Only One Way Out
By A.D. Freudenheim

20 May 2001

Point one: the continued escalation of violence in the Middle East is morally wrong and strategically wrong-headed. Point two: violence begets violence, unless people are taught to respond otherwise. These are two points that, unfortunately, do not get stated explicitly enough in the context of the current conflict.

The violent actions perpetrated against Palestinians and Israelis, by Palestinians and Israelis, over the last eight months of this new Intifada have achieved nothing. Both sides have gained little, least of all the three things most desired: there have been no increases in territory or sovereignty, no change in political advantage, and no greater sense of personal or national security. Instead, there have been only losses, as measured in loss of life, loss of dignity, and loss of perspective. The reasons for this failure to reach an agreement are clear, but with each escalating action and subsequent reaction, they must be restated: violence, in whatever form, will not offer a solution to the problem.

Tragically, it seems that most Palestinians have failed to figure out that they will not win this conflict by throwing stones, dispatching suicide bombers, or launching mortar attacks. These actions appear only to have stiffened the resolve of Israel as a whole. Moreover, the use of violence by the Palestinians has pushed many of their traditional allies on the left further away, as the chances for reaching peace appear ever more distant. Instead of throwing stones and launching mortars, the Palestinians should try lying down in the paths of the Israeli tanks and bulldozers, while the world's media watches. Following an absolute path of non-violence would create a far more compelling picture of their plight - as it did for Gandhi in India, or for Soviet dissidents, or for students and religious protestors in China - than the image of a stone-thrower ever can.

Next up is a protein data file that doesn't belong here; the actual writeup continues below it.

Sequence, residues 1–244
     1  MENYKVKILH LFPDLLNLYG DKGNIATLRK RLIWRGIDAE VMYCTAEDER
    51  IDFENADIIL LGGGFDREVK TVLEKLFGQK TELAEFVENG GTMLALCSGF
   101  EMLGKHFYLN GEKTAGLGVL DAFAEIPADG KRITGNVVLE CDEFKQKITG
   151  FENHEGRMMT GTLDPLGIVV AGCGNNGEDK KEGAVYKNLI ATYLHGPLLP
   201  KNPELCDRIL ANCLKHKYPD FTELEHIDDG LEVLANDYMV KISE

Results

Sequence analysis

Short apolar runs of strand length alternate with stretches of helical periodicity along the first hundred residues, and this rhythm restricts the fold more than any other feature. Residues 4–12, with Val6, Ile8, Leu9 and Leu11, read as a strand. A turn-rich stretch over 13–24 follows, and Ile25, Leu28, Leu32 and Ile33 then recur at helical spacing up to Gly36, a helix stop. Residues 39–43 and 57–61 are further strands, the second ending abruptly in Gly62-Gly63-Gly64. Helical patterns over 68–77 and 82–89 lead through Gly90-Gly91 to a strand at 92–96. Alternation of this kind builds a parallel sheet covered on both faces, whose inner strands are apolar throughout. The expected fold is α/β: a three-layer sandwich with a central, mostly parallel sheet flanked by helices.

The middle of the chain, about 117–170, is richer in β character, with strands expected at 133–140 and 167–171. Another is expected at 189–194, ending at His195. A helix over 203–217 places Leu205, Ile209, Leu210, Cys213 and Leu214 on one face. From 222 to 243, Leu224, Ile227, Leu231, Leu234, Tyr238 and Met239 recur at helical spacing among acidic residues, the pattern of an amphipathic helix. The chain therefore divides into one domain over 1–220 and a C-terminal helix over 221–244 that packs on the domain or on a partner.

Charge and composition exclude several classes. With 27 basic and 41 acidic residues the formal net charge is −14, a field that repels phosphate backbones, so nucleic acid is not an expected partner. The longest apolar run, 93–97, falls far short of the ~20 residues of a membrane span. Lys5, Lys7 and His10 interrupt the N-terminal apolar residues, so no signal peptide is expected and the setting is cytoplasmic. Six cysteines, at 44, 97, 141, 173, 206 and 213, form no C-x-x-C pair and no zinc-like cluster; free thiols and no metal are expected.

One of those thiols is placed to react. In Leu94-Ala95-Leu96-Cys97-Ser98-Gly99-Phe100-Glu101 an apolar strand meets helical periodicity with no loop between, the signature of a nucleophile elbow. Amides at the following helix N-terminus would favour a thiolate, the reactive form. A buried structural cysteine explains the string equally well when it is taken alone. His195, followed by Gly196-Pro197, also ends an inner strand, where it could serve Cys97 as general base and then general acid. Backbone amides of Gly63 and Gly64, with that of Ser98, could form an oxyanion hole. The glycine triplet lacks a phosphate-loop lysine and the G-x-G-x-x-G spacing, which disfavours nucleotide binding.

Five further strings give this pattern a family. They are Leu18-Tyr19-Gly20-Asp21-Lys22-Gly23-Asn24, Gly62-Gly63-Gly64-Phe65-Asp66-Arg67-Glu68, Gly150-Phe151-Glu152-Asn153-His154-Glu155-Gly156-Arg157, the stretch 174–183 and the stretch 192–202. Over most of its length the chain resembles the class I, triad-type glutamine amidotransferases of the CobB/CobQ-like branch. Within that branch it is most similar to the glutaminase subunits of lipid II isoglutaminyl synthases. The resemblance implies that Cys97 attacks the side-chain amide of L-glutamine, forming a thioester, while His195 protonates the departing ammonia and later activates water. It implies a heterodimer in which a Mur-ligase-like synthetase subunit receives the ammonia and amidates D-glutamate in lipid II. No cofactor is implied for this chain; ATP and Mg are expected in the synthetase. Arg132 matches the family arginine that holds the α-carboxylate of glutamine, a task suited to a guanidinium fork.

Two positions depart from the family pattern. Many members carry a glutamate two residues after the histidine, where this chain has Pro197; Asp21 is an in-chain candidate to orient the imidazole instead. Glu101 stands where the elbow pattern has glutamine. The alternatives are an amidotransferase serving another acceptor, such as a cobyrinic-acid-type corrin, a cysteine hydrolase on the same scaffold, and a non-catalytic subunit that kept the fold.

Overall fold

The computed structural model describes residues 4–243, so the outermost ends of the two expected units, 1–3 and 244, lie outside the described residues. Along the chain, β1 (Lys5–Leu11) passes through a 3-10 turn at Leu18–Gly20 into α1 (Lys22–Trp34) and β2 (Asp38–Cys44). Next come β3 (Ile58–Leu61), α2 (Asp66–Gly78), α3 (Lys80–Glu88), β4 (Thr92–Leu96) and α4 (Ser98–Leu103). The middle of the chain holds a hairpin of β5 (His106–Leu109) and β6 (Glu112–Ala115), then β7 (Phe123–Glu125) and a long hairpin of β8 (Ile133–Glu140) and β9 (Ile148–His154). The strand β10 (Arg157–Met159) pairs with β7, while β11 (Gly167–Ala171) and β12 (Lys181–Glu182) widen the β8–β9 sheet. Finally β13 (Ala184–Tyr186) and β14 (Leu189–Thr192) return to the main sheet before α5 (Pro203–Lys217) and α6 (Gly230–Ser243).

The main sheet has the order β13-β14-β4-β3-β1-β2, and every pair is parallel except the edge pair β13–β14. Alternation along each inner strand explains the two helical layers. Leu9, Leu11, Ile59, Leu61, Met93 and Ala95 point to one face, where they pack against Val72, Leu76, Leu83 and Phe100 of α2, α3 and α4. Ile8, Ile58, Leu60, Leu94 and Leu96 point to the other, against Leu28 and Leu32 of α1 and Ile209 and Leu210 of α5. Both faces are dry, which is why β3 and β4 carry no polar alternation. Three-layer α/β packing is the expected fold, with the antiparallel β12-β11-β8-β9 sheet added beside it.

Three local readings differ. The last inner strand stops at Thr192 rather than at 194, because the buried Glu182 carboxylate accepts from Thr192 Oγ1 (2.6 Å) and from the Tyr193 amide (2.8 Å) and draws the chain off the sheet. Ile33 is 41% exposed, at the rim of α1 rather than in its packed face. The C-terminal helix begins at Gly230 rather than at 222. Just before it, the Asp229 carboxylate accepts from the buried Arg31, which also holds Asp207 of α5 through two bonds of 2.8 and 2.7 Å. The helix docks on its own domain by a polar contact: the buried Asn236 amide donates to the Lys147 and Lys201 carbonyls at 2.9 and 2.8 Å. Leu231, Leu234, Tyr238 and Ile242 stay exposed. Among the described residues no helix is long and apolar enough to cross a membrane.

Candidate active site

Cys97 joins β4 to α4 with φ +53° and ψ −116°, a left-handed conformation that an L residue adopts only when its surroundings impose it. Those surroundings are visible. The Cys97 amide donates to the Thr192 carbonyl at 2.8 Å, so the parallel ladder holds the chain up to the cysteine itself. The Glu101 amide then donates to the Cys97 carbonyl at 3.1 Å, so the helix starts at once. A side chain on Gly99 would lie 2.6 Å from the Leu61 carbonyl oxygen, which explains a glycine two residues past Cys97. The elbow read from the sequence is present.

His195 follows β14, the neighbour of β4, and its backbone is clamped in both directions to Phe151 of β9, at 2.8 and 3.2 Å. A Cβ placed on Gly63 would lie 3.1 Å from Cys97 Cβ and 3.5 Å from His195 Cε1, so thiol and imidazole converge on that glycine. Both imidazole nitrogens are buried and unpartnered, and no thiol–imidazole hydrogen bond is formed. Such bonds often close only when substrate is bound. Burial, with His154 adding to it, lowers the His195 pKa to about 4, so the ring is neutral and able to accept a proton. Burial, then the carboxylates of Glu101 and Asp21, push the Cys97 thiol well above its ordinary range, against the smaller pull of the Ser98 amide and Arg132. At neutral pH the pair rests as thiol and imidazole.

For the Israelis, the situation is equally tragic, as they too have failed to see that their escalating "responses" to Palestinian violence only have the same effect: a stiffening of resolve. Yet, showing the worst sort of kindergarten-style behavior, Israel's leadership refuses to accept any responsibility for making the situation worse. Israel long ago crossed the line from victim to victimizer, in deploying its modern military against a poorly-armed population of refugees. In doing so, Israel may be inflicting damage, but it is losing the battle on the international front - where the headlines of the world's newspapers depict the clearly overwhelming Israeli attacks in clear and overwhelmingly negative terms. Imagine if, instead of sending war planes to retaliate for a suicide bombing, Israel invited Palestinians to tour the damaged area and talk to the wounded or the families of the dead. If Israel increased its humanity by choosing a peaceful path instead of a violent one, how much more powerful would that message be?

There are those "political realists" on both sides of this conflict who would say that even thinking about peace in this way is a luxury. That is simply a lie. The politicos have had their chance, and the damage inflicted by both sides has produced nothing but more violence. Each side has pushed the possibility of peace - the peace each says it wants - further away. The time has long since come to stop justifying the violence, to stop trying to explain the violence, and to simply demand peace. There is no morally acceptable alternative, and there is no other path that will lead to a successful resolution of the conflict. The guns and the stones must be laid to rest.

Copyright 2001, by A.D. Freudenheim. May not be used in whole or part without written permission. However, you may link to this page as desired! Contact A. D. Freudenheim for further information.
This page is part of: The Truth As I See It.